Kenneth Earl Glander

Kenneth Earl Glander

Professor Emeritus of Evolutionary Anthropology

External address: 
130 Science Dr., 108 Bio Sci Bldg, Durham, NC 27708
Internal office address: 
Duke Box 90383, Durham, NC 27708
(919) 699-2995


Primate ecology and social organization: the interaction between feeding patterns and social structure; evolutionary development of optimal group size and composition; factors affecting short and long-term demographic changes in stable groups; primate use of regenerating forests.

Degrees & Credentials

  • Ph.D., University of Chicago 1975

  • M.A., University of Chicago 1971

  • B.A., University of Texas at Austin 1969

Campbell, J. L., et al. “Intake, digestibility, and passage of a commercially designed diet by two Propithecus species..” American Journal of Primatology, vol. 48, no. 3, Jan. 1999, pp. 237–46. Epmc, doi:10.1002/(sici)1098-2345(1999)48:3<237::aid-ajp5>;2-v. Full Text Open Access Copy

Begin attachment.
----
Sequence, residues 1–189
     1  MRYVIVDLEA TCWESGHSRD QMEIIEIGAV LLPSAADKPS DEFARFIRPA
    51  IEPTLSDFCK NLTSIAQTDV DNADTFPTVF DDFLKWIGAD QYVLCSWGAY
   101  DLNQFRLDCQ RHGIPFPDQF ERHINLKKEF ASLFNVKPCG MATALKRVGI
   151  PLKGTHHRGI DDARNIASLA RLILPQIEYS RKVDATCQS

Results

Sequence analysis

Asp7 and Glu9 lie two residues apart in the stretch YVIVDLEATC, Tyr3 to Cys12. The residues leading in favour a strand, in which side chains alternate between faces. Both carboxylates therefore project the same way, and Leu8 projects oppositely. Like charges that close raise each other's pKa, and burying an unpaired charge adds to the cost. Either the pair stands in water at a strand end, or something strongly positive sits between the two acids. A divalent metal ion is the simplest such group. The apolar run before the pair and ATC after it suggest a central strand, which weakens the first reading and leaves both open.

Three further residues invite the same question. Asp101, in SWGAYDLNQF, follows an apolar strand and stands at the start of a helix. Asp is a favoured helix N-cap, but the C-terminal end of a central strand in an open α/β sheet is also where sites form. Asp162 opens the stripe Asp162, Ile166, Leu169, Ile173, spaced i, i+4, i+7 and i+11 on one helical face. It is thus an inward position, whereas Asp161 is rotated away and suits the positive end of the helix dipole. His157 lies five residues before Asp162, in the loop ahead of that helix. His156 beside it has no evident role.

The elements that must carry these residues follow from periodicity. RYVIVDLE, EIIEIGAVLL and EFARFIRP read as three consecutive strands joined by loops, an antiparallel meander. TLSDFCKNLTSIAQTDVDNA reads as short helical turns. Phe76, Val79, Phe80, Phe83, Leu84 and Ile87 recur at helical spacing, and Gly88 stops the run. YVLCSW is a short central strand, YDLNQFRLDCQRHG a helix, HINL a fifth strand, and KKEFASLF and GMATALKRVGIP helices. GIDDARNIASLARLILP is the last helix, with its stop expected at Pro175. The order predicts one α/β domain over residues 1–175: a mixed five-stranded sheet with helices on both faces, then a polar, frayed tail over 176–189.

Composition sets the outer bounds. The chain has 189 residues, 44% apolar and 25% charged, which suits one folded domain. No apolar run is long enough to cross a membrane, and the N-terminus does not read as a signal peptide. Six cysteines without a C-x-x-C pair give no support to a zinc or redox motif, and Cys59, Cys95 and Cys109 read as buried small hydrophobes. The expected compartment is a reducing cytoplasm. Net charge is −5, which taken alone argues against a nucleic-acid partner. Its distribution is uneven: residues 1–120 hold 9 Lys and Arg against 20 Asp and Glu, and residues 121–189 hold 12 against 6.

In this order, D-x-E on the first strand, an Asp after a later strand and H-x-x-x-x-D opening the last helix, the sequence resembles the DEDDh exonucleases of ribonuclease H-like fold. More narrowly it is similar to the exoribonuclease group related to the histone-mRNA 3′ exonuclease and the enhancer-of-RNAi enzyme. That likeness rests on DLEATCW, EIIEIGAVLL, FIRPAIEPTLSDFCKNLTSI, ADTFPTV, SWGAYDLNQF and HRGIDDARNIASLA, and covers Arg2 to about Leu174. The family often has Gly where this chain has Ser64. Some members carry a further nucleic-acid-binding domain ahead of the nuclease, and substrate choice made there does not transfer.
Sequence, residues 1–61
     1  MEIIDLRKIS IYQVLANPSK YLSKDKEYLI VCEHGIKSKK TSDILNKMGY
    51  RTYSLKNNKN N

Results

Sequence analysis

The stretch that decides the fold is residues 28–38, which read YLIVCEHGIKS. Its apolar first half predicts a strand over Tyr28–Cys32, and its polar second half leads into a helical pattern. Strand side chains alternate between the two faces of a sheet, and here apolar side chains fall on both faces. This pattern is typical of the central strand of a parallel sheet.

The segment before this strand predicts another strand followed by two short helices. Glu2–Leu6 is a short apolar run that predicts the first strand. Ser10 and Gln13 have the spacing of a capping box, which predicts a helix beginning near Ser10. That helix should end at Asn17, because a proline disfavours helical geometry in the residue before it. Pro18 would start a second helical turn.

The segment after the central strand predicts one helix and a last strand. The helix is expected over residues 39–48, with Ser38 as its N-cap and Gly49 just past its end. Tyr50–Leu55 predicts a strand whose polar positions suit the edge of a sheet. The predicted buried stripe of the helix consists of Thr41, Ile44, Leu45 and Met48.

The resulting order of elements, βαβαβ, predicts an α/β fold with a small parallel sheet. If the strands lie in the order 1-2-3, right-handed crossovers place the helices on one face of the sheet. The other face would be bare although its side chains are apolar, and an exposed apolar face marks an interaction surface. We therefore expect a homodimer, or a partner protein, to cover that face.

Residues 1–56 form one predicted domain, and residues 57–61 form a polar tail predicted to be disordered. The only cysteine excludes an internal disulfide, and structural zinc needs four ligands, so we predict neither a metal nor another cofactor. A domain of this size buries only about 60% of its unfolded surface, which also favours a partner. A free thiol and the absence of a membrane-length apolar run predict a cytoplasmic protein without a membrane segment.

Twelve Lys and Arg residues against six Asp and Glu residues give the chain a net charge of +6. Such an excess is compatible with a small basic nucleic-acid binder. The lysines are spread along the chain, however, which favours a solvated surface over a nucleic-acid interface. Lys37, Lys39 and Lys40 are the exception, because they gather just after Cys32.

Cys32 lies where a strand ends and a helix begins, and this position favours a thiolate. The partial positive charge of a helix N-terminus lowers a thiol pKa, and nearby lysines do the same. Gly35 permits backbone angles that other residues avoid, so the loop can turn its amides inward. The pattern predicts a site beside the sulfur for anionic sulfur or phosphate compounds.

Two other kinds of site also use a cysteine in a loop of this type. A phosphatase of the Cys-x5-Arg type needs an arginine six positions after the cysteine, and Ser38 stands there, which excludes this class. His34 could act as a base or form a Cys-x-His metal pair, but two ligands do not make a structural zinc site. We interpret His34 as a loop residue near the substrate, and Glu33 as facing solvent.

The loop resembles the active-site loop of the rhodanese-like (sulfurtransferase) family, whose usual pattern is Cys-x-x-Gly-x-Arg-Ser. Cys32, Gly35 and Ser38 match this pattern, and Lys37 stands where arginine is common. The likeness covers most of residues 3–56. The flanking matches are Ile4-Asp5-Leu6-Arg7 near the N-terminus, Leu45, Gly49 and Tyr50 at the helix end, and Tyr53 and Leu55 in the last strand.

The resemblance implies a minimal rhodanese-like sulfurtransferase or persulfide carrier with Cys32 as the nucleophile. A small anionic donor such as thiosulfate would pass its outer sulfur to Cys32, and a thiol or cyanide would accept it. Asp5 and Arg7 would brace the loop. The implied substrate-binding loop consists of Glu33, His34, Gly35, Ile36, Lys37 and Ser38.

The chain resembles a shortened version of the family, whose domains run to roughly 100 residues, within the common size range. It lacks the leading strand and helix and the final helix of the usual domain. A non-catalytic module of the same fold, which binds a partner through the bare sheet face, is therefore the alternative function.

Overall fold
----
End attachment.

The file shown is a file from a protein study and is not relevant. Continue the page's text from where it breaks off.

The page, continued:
Clarke, MR, Glander, KE, and Zucker, EL. "Infant-nonmother interactions of free-ranging mantled howlers (Alouatta palliata) in Costa Rica." International Journal of Primatology 19.3 (1998): 451-472. Open Access Copy

Stuart, M, Pendergast, V, Rumfelt, S, Pierberg, S, Greenspan, L, Glander, K, and Clarke, M. "Parasites of wild howlers (Alouatta spp.)." International Journal of Primatology 19.3 (1998): 493-512. Open Access Copy

Schoeninger, M. J., et al. “Stable isotope ratios indicate diet and habitat use in New World monkeys..” American Journal of Physical Anthropology, vol. 103, no. 1, May 1997, pp. 69–83. Epmc, doi:10.1002/(sici)1096-8644(199705)103:1<69::aid-ajpa5>;2-8. Full Text Open Access Copy

Zucker, E. L., et al. “Sizes of home ranges and howling monkey groups at Hacienda La Pacifica, Costa Rica: 1972-1991.” Brenesia, vol. 45–46, 1996, pp. 153–56. Open Access Copy

Glander, K. E., and R. A. Nisbett. “Community structure and species density in tropical forest associations in Guanacaste Province, Costa Rica.” Brenesia, vol. 45–46, 1996, pp. 113–42.

Ungar, P. S., et al. “Dust accumulation in the canopy: a potential cause of dental microwear in primates..” American Journal of Physical Anthropology, vol. 97, no. 2, June 1995, pp. 93–99. Epmc, doi:10.1002/ajpa.1330970202. Full Text Open Access Copy

Clarke, M. R., et al. “Group takeover by a natal male howling monkey (Alouatta palliata) and associated disappearance and injuries of immatures.” Primates, vol. 35, no. 4, Oct. 1994, pp. 435–42. Scopus, doi:10.1007/BF02381952. Full Text Open Access Copy